Restaurant Review - Head for the Rockies

Steaks and more at comfy Aspens

Aspens is a feast for the eyes as well as the palate. Yeah, it's in a typical strip mall in northeast Cobb, and the white Christmas lights currently bedecking the eaves are a bit much (even for the 'burbs). But walk in, and you feel like you've jumped to the Rockies.

Booths and chairs are softened by upholstered leather, cowhide pillows line up along benches facing the stacked brick fireplace, large pieces of Western artwork are highlighted along the wood walls, exposed timbers crisscross above - all for that ski lodge feel. You'll want to snuggle up and enjoy a mug of mulled wine before hitting the slopes.

But what else would you expect from a place called Aspens Signature Steaks, the newest venture and love affair of restaurateurs Christopher and Michele Sedgwick (owners of sister restaurants Van Gogh's, Vinny's and Theo's Brother's Bakery). After visiting Aspen years ago, they thought about starting a restaurant there. Instead, they brought Colorado to Atlanta.

The Aspen menu offers some of the best steaks in the city, on par with pricier flanks at Bones or Chops. Certified Angus beef cuts include prime rib, T-bone, filet, ribeye and New York strip. If you aren't in the mood for a hearty slice of cow, there are pork, seafood and chicken selections.

At Aspens, it's tempting to fill up on the delicious bread before you ever get to the entree. A hot loaf of whole grain bread made fresh at Theo's Brother's Bakery is set on the table with a terra muffaletta (ground bread crumbs, garlic, cumin, olive oil and caviar). The creamy spread begs to be devoured.

A laundry list of appetizers includes soups, salads and heartier items like blue lump crab cake ($12.95), which our server enthusiastically recommended. "Ajax" onion rings ($5.95) are softball-sized sturdy onion slices deep-fried and served with a Gorgonzola dipping sauce. The salty yet satisfying chopped salad ($7.95) includes garbanzo beans, hearts of palm, peppers, tomatoes, crumbled mountain Gorgonzola and basil-lemon vinaigrette tossed with romaine lettuce.

Steak options range from a 7-ounce Aspens filet ($18.95) to a 10-ounce chopped steak ($14.95) to a massive 20-ounce bone-in ribeye, cowboy ($24.95). The 7-ounce Aspens filet ($18.95) is modest in size, but every bite counts. Coarse salt and marinades season the meat and give it a sumptuous, rich flavor. The meat is slow and evenly cooked.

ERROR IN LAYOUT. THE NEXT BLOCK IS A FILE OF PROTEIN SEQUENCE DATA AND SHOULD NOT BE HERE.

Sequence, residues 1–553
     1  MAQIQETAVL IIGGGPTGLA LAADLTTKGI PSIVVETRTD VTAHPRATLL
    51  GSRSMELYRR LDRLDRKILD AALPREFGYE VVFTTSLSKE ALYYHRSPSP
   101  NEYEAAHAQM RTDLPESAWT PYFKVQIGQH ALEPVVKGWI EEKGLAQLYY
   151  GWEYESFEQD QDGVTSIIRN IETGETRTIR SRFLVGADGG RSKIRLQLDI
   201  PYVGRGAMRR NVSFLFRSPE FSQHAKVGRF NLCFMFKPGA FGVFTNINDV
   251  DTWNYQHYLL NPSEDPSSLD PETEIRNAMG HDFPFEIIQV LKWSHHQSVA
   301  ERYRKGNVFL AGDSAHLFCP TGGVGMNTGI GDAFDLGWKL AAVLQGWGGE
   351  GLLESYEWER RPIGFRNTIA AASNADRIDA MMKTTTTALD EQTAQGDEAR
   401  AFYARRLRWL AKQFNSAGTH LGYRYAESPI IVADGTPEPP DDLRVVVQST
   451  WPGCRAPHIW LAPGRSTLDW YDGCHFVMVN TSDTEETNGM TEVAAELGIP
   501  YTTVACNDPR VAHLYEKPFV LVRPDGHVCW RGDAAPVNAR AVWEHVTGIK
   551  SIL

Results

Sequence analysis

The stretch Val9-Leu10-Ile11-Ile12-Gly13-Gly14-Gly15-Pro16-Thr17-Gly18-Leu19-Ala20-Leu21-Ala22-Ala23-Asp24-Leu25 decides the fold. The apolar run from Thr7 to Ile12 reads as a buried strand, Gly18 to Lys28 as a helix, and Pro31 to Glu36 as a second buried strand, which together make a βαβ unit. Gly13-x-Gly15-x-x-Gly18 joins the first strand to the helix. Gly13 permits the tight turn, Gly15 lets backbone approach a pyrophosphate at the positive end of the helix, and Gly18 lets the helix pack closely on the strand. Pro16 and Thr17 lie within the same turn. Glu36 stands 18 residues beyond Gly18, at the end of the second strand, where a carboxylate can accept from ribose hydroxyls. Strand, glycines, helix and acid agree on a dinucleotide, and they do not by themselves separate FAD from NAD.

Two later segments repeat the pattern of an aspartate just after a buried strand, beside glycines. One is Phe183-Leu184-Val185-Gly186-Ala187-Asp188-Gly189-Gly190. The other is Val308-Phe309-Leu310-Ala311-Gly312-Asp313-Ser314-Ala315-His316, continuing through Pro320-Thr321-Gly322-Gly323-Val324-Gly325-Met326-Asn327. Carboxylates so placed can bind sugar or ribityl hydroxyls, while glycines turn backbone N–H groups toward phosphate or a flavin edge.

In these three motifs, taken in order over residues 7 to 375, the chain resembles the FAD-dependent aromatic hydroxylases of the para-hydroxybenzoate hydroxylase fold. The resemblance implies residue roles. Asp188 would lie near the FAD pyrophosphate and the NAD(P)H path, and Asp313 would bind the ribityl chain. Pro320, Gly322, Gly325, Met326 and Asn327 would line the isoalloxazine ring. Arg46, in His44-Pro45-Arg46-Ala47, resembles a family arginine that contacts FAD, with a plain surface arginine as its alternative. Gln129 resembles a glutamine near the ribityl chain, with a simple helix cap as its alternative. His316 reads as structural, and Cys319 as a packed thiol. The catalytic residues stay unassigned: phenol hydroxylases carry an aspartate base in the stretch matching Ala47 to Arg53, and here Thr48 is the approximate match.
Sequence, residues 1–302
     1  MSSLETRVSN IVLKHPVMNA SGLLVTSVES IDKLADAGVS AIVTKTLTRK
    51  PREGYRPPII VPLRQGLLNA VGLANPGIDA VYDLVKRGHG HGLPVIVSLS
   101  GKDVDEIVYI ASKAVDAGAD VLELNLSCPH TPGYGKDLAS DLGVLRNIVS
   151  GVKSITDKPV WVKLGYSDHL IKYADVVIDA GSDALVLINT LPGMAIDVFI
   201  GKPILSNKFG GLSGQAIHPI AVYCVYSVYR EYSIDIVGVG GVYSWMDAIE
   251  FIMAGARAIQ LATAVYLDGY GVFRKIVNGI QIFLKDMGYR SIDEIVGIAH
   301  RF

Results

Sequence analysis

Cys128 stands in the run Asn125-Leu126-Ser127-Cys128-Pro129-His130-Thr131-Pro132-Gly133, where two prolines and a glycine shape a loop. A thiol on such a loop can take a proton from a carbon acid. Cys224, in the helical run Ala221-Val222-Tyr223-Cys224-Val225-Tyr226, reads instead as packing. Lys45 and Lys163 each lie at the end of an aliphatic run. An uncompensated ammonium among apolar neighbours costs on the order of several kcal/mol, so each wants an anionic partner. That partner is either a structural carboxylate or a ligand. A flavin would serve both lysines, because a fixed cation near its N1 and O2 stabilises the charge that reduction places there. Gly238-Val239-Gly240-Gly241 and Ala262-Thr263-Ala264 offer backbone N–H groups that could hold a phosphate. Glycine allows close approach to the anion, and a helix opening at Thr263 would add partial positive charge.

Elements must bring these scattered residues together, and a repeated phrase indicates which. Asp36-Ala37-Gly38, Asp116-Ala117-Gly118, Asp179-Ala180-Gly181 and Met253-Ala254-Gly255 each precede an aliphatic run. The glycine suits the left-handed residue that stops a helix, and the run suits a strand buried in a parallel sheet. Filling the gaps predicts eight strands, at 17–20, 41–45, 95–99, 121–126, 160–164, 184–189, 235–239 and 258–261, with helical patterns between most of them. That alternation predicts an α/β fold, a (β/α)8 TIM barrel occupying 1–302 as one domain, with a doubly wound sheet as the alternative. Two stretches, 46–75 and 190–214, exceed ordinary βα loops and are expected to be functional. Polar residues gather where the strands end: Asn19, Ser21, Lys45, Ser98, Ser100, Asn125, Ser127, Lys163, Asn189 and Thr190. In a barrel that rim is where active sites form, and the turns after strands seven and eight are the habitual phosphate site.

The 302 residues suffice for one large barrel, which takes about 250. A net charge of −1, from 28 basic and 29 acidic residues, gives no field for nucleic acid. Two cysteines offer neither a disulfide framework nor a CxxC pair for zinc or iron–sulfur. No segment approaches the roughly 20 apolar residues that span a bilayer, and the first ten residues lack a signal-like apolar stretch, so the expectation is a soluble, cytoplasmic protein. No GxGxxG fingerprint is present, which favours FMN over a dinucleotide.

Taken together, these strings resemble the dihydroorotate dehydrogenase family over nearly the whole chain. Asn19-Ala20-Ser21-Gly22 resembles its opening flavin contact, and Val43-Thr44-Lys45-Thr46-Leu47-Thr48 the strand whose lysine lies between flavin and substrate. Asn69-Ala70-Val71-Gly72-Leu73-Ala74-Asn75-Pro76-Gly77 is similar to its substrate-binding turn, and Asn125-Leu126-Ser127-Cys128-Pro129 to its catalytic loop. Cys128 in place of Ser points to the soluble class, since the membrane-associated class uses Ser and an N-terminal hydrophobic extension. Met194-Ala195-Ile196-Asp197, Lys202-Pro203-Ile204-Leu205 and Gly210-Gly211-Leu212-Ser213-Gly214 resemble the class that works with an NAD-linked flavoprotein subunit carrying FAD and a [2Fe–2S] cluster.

The steak comes with a large baked potato prepared to your liking, but I went with grilled asparagus. Other side selections include sauteed mushrooms, buttered spinach, baked creamed spinach, white cheddar grits, buttermilk mashed potatoes and classic thick-cut skillet potatoes.

Grilled pork tenderloin ($19.95), prepared with caramelized apple chunks in a brandy reduction and a side of horseradish mashed potatoes, is comfort food at its finest but doesn't come close to measuring up to the steak. Overcooked and dry, the four pork tenderloins needed the apple brandy sauce for even a tinge of flavor. Good, but not great.

After all this food, you may wish to pass on the dessert menu — but press on, anyhow. Unlike some restaurants with hearty main courses where the desserts are skimped on, Aspens serves destination desserts. Though not terribly inventive, the dark and white chocolate mousse cake must be experienced. A thin base of chocolate cake supports layers of dark and white chocolate mousse, which are sealed with milk chocolate ganache to create a cylinder of sweetness. The whole thing is surrounded by raspberry sauce and fresh berries.

In addition to its regular menu, Aspens offers monthly four-course wine dinners and sporadic tastings that feature selections from the 8,000-plus bottles of wine in its extensive cellar. For $69, you can experience a four-course meal paired with various wines. The wine menu is expansive and is updated on a monthly basis.??